► Watch the official video-clip of "747": bit.ly/1NIkOG2
For more than a decade Alejandro Díez led Spanish number one mod band LOS FLECHAZOS. COOPER is Alejandro’s new project: his first album Fonorama appears on November 2000 in Elefant; the album is presented in a lengthy Spanish tour, including appearances in most Spanish summer festivals: FIB (playing the main stage in front of more than 20.000 people), Contempopranea, Socarrat, Do Norte and Sonorama, to name only a few.
After a hiatus that was starting to be too long, COOPER is back with reloaded energies and excellent songs, as inspired and brilliant as usual.
On May 2003 747 is released. This new single means a new stage in the sound adventures of one of our best pop writers and performers; Alejandro has decided not to release an album again; 747 is the first of a series of singles which will be out during the following months. From now on, we’ll enjoy his splendid songs in small pills.
747 was recorded in January 2003 in Feedback Studios, León; Mario Alvarez (Guitar), Pablo Alvarez (Bass) and Antonio Pérez (Drums), complete the new line-up of COOPER with Alejandro Díez (Vocals and Guitar).
10 REASONS NOT TO MAKE AN ALBUM AGAIN
1.- I’ve been a seven inch singles and CD-Singles collector for ages. To me, that’s the perfect pop format, the most direct and sincere one. Pop is not jazz, nor classical music. Pop means beautiful songs that can make our life happier or shrink our hearts. I belong to the 45 club and its 3 minutes of magic.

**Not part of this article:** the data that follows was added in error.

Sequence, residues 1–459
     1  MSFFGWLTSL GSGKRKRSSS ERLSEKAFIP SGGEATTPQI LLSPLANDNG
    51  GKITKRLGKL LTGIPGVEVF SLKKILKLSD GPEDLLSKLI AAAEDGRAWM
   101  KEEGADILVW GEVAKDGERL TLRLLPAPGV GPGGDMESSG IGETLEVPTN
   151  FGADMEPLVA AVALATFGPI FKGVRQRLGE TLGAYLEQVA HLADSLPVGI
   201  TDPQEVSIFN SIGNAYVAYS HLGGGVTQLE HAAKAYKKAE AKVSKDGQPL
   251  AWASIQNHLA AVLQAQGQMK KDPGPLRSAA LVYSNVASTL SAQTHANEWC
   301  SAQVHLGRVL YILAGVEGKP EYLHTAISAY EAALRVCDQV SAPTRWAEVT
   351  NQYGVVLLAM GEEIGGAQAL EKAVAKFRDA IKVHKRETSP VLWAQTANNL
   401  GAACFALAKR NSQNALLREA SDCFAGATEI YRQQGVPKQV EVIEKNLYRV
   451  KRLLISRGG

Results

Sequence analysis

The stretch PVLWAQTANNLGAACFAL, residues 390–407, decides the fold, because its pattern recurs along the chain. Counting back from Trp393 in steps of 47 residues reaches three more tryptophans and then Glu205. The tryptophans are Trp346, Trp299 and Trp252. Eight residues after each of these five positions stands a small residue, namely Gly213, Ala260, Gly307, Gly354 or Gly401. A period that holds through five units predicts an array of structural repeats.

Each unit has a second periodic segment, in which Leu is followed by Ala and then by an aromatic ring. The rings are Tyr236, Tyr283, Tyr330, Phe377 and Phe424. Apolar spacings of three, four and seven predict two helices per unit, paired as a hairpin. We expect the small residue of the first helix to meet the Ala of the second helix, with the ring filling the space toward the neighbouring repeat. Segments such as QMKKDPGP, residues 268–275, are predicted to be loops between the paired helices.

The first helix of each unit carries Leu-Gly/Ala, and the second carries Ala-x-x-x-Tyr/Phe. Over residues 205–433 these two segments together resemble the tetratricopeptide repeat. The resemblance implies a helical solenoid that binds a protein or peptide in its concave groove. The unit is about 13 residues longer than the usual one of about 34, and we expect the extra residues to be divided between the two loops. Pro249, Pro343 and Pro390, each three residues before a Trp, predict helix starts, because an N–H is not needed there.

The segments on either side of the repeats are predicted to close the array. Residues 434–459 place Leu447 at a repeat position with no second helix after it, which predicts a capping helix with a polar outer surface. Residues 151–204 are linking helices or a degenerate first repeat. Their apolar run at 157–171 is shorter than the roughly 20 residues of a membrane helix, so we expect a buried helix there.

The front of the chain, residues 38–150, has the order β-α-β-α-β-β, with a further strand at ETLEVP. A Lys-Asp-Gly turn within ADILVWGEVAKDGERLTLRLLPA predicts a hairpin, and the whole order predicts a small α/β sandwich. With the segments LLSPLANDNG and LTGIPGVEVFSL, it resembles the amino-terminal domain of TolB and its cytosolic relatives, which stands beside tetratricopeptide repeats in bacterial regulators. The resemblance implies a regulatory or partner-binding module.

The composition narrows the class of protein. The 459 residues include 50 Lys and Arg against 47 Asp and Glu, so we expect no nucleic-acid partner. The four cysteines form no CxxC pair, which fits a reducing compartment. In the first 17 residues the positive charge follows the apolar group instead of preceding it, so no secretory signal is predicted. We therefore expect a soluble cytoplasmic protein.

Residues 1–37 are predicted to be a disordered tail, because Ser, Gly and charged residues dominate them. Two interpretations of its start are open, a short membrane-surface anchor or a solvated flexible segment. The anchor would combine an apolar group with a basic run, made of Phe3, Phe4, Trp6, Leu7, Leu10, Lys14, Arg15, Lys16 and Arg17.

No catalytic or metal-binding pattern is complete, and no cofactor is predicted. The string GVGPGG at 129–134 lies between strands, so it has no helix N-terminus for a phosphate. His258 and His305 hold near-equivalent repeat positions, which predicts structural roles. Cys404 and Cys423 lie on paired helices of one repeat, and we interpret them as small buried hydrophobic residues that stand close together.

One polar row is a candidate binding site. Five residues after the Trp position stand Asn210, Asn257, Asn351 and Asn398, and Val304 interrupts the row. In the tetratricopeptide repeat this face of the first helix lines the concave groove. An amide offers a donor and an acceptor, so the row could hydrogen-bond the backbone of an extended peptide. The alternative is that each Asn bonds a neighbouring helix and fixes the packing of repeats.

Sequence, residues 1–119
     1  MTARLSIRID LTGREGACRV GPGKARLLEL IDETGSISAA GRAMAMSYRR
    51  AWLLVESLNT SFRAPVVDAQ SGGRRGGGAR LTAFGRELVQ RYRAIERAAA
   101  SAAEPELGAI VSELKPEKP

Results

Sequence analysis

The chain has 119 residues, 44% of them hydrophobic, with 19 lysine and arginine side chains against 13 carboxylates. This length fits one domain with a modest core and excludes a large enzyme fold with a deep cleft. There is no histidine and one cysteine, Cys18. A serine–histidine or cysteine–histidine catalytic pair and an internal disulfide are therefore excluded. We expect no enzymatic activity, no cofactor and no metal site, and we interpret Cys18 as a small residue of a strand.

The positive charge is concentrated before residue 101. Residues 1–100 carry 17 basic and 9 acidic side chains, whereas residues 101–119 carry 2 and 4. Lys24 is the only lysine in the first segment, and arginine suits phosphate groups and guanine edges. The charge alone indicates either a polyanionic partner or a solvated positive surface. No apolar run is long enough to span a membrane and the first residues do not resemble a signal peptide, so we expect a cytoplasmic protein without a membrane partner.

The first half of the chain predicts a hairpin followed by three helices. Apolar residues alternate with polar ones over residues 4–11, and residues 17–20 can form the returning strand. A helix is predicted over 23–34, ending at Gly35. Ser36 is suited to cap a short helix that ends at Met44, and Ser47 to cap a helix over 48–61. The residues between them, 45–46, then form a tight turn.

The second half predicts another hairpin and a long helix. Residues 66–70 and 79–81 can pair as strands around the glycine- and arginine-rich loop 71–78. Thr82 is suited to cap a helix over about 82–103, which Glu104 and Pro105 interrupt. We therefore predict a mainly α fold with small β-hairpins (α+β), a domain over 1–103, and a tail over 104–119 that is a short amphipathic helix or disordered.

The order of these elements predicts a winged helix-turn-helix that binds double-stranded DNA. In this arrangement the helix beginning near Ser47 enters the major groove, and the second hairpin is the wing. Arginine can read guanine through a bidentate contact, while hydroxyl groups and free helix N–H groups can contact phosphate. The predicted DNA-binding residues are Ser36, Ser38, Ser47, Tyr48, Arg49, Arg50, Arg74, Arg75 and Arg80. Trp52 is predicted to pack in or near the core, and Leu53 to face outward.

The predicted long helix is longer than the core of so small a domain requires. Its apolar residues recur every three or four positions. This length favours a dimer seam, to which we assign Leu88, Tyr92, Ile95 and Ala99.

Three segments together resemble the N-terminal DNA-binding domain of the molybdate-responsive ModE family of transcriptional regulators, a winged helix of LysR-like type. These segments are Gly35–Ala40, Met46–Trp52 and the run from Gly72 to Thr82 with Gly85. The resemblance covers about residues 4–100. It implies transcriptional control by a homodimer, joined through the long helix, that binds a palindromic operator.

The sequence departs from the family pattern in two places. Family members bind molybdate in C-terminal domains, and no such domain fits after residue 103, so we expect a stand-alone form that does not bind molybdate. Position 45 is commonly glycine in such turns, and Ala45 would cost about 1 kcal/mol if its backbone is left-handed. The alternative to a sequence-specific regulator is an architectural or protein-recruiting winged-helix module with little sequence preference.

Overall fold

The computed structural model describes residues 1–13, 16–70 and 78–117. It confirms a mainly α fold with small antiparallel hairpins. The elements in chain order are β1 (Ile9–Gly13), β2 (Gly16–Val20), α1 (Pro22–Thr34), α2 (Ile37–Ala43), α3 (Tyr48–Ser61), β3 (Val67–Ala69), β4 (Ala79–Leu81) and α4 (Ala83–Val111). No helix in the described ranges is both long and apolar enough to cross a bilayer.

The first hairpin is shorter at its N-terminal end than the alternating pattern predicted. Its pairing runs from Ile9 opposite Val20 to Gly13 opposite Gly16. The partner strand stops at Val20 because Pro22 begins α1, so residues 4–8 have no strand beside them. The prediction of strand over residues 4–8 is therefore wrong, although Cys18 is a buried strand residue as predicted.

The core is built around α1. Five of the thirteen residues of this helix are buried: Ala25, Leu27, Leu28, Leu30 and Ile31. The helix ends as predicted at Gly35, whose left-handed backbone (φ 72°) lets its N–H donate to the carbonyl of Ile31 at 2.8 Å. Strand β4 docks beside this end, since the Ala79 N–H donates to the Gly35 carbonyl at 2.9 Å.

2.- As a composer, I’ve always written single songs, treating them as something that could work by itself as the A-side of a single, a small treat in a flexi-disc or a hidden track in a compilation. As I defend short movies instead of full-length movies, or short tales instead of novels, I have never accepted that they were "a minor entertainment" or a simple creative output for new artists.
3.- I find the album a completely old-fashioned concept, slightly hippie and something very far from people’s needs. The album is obsolete and square, plus the biggest lie of an industry that has managed to sell LP’s to the audience for a long time, whereas a great share of the purchasers (dj’s, clubs, kids with little money to spend) only asked for "the song". The trick is not working anymore: now they download just the song they want and that’s it.
4.- Things have changed a lot in the last 20 years: paradoxically, today the album not only promotes but also symbolizes something I detest: music being listened to superficially. When I bought Nacha Buena Disposición, I didn’t stop listening to it for a month and a half. Why? Besides truly loving it, I didn’t have money to buy another record so I squeezed it till I learnt it by heart. Today nobody has time to do so, most of us have a big pile of unlistened CDs at home. There’s so much information and fortunately the access to music is so simple that we search for and select our favourite songs without giving second chances. There’s nothing as frustrating for an artist as to know people listen to your album once, double-cross their favourite and then they won’t listen to the rest of the songs again, songs which the artist has emptied his soul in. A single is easier to listen to, that’s why you listen more to it.